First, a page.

2017 Ex-Dividend Dates for iShares’ IFEU, IFAS, DVYE, IFGL, IFNA, DVYA, IDV, WPS

Updated: Feb 26th, 2017 | Vance Harwood

2017 Ex-Dividend Dates for IFEU, IFAS, DVYE, IFGL, IFNA, DVYA, IDV, WPS

Based on Ishares’ distribution schedule, I expect the next ex-Dividend, pay dates for these ETFs to be:

2017 Ex-Dividend Dates
Q1 Q2 Q3 Q4
 24-March  20-June  26-September  21-December  28-Dec (potential cap gains)
Pay / Distribution Dates
 30-March  26-June  29-September  28-December  4-Jan-18 (potential cap gains)


In alphabetical order:

DVYA  iShares Asia/Pacific Dividend  ETF

DVYE  iShares Emerging Markets Dividend ETF

IDV   iShares International Select Dividend ETF

IFAS  iShares Asia Developed Real Estate ETF

IFEU   iShares Europe Developed Real Estate ETF

IFGL  iShares International Developed Real Estate ETF

IFNA iShares North America Real Estate ETF

WPS  iShares International Developed Property ETF

If you don’t see the ETF symbol you want there are a lot more here: Dividend, Ex-Dividend, and Paydate / Distribution Date information for ETFs

iShares dividends: IWM, IVV, OEF and more

Updated: Sep 6th, 2011 | Vance Harwood

For  iShares Russell ETFs  (e.g., IWM) ex-dividend and paydate information go here.

For iShares S&P ETFs (e.g, IVV, OEF) ex-dividend and paydate information go here.

More ex-dividend, distribution date, and dividend history information here.

Capturing dividends with covered calls—are you ready?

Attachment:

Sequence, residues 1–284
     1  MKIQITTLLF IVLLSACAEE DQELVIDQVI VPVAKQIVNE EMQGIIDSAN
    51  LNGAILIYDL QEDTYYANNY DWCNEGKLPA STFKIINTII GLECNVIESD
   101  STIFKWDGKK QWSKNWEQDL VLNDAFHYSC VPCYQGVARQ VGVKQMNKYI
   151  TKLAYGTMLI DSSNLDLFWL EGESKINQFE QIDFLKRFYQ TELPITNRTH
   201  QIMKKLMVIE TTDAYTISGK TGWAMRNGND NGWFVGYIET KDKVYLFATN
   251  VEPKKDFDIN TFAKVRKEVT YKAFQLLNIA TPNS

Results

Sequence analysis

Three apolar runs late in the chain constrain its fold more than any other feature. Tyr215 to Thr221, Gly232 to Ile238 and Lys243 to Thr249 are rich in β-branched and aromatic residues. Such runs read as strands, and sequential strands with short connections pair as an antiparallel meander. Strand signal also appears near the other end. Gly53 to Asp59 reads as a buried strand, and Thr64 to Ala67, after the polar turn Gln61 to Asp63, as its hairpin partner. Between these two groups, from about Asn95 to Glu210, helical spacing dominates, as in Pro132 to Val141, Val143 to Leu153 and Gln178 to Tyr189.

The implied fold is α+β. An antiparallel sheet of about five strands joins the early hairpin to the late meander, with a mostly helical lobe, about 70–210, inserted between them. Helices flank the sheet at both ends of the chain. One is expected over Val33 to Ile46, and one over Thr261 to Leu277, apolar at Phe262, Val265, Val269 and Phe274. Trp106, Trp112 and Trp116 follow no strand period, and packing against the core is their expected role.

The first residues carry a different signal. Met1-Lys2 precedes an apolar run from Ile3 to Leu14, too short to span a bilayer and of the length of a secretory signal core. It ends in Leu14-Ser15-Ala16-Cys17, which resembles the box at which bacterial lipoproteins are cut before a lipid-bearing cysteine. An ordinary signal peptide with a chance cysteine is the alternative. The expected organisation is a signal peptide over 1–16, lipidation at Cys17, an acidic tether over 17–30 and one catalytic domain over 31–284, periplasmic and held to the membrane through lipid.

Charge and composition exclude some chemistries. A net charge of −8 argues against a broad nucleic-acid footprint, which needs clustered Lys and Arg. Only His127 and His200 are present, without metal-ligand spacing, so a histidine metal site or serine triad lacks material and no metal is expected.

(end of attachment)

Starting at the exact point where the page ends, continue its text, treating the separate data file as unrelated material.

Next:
Updated: Sep 24th, 2011 | Vance Harwood

In a recent post I gave an overview of dividend capture strategies.

In some situations an effective way to hedge risk with a dividend capture strategy is to use covered call options.  If you are not familiar with options this might sound exotic, but it’s truly the training wheels of option trading.  With covered calls you can introduce yourself to the conservative, hedging possibilities of options while increasing your odds of making modest amounts of money.   Before getting into the details,  please review the checklist below, to see if you are ready / able to do this:

  • Do you have enough capital?
    • This strategy requires you to buy hundreds of shares of stock to make it worth your trouble, do you have the money?
    • You can use margin to buy the stock, but that will increase your costs.
  • Will you be content with a small gain?
    • This strategy is generally not effective with stocks with large dividends (e.g. 4% or higher).  It works better with stocks that offer annualized dividends in the 2% to 3% range
    • On the good news side, you generally get the small gain with less than 10 business days of investment
  • Does the stock/ETF you want to capture the dividend on have a active option market?